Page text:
These four confident kids on Kilmore Road, in Knocknaheeny, built their own fire and were proud as punch.
Residents of Glen Heights with their communal bonfire (top). They arranged their own wardens and controlled it. This was probably the biggest fire, hitting about 20 feet at its peak. Above are two residents of Knocknaheeny posing with a shoe they found to throw into the fire.
01. Decent Irish hip-hop with an avant-garde tinge from young, Cork-based producer SCOUNDRELL.
02. One of a multitude of projects emerging from one of an innovative and prolific group of young musicians/meme-peddlers in Cork City, SCOUNDRELL takes grime and hip-hop and puts them through some very odd filters.
03. Streaming above in its entirety is Black Box Renaissance, a collection of demos and other bits assembled from quick-and-dirty productions from the past few weeks.
04. Also available is the Lithic EP, a rather more concise exercise in darker electronics.
Verdict: A mad confab of low-key beats and experimentation, well worth the trip for anyone so inclined.
04. Appearing last night as part of the label’s triple album launch at St. Luke’s in Cork, Fixity “represents the beginning of a project that will manifest itself in many ways”, according to Walsh himself.
Verdict: One of the country’s most prodigiously talented percussionists continues to explore his and his collaborators’ horizons.
Top: Michele Giansanti and his boyfriend Robert Nagle
Michele Giansanti told PJ Coogan on Cork’s 96FM this morning that he was refused a haircut at Poyraz barbers in Daunt’s Square, Cork.
He believes he was refused because he’s gay.
A woman, called Mary, claimed her 13-year-old son Thomas was also refused. She believes he was turned away because he has cerebral palsy.
Thomas was using a wheelchair on the particular day he tried to get a haircut.
From this morning’s show…
PJ Coogan: “You were turned out of this particular hairdressing salon. Why, Michele?”
Michele Giansanti: “Yes I was. That was a few days ago. I needed a haircut. My boyfriend came with me because he wanted to explain the guy, who was cutting my hair, what kind of style he wanted for me. He was doing that and while he was doing that, the man interrupted him and he said to us, ‘you may want to get it done next door, thank you very much’. The point is that I was going to this barber for months on my own and the second that I went to this place with my boyfriend, he had a problem with it.”
Coogan: “So you’re fairly sure that the minute he realised you were gay, he was chucking you out.”
Giansanti: “You can’t have physical evidence of that but I’m gay so I’m pretty sure that was the reason. And then the second we stepped out of the place, my boyfriend called a friend to tell them what happened to the result that my boyfriend’s friend had the very same experience in the very same place from the very same person. He was kicked out because it was claimed that his hair was too short and he didn’t need a haircut at all.”
Coogan: “This is Poyraz Turkish Barbers in Daunt’s Square. Fergal [Fergal Barry, a 96FM reporter] you went down there yesterday afternoon?”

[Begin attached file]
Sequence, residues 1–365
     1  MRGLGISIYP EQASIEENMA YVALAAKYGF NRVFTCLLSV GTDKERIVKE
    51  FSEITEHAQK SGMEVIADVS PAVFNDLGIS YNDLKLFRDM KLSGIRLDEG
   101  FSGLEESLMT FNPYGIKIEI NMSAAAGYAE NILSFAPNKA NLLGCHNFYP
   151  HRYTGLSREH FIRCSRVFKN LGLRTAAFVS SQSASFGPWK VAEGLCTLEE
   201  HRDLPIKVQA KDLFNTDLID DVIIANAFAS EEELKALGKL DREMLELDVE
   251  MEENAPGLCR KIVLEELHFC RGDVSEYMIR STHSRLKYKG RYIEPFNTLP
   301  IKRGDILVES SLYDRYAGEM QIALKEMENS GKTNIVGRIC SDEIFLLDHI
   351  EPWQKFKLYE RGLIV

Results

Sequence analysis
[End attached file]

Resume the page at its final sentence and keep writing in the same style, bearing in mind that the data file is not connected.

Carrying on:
Fergal Barry: “I went down there and the first time I passed by, they seemed busy so I said I won’t be annoying them when they’re very busy. I came back and there was nobody in there. I went in and I explained that I was from 96FM, it was a radio station and he nodded, he seemed to recognise who I was talking about and I said we’d made efforts to contact him by phone with regard to a complaint from a man who felt that he didn’t get a haircut because he was gay and a woman whose child didn’t get a haircut and she felt it was because of his disability.”
“So he nodded and then the next thing was he caught me, he pushed me out of the premises..”
Barry: “Not very violently, no, to be fair, it didn’t hurt, but if I had resisted, it would have hurt you know? And so I said, right, well, that’s the end of that. And I went around the corner and I just had this sense that there was something happening behind me.”
Coogan: “You were on Castle Street?”
Barry: “I was on Castle Street at this stage. And I turned around and he was behind me and the way we turned around, our shoulders made contact and I had my phone in my hand at this stage and because of the way we made contact, I actually managed to turn off the phone and then he said to me: ‘You don’t come back to me no more’. And I said: ‘You don’t accost me in the street, that’s not how it works’.”
Roslyn Steer – launching new album You’ll Know next month
What you may need to know…
01. Cork-resident singer-songwriter Roslyn Steer stretches that oft ill-fitting label to breaking point, taking in noise, drone and psychedelia on her adventures.
02. Formerly of Saint Yorda and also currently of Crevice and Morning Veils, she’s been prodigiously busy in recent times solo, releasing last album Still Moving less than a year ago.
03. Streaming above is said debut record in its entirety, released on her own label, Kant Cope.
04. Next appearing to launch You’ll Know as part of her label’s triple album-launch show at St. Luke’s in Cork city, alongside new projects Fixity and Sky, Horse and Death, both unveiling themselves and releasing cassettes on the night.
Verdict: A joy to watch live, slowly becoming more and more entranced over the course of a set, to the point of appearing almost to be elsewhere. Mesmerising.
01. Multiple-headed prog-soul outfit Shookrah have been turning heads for the past few years now.
02. Debuting as Moustache Latte in 2013, the band had a brief run under the name before regrouping the follow year under their current moniker, in time to launch their Implicit ContentEP. Festival appearances have followed, including Electric Picnic and Knockanstockan.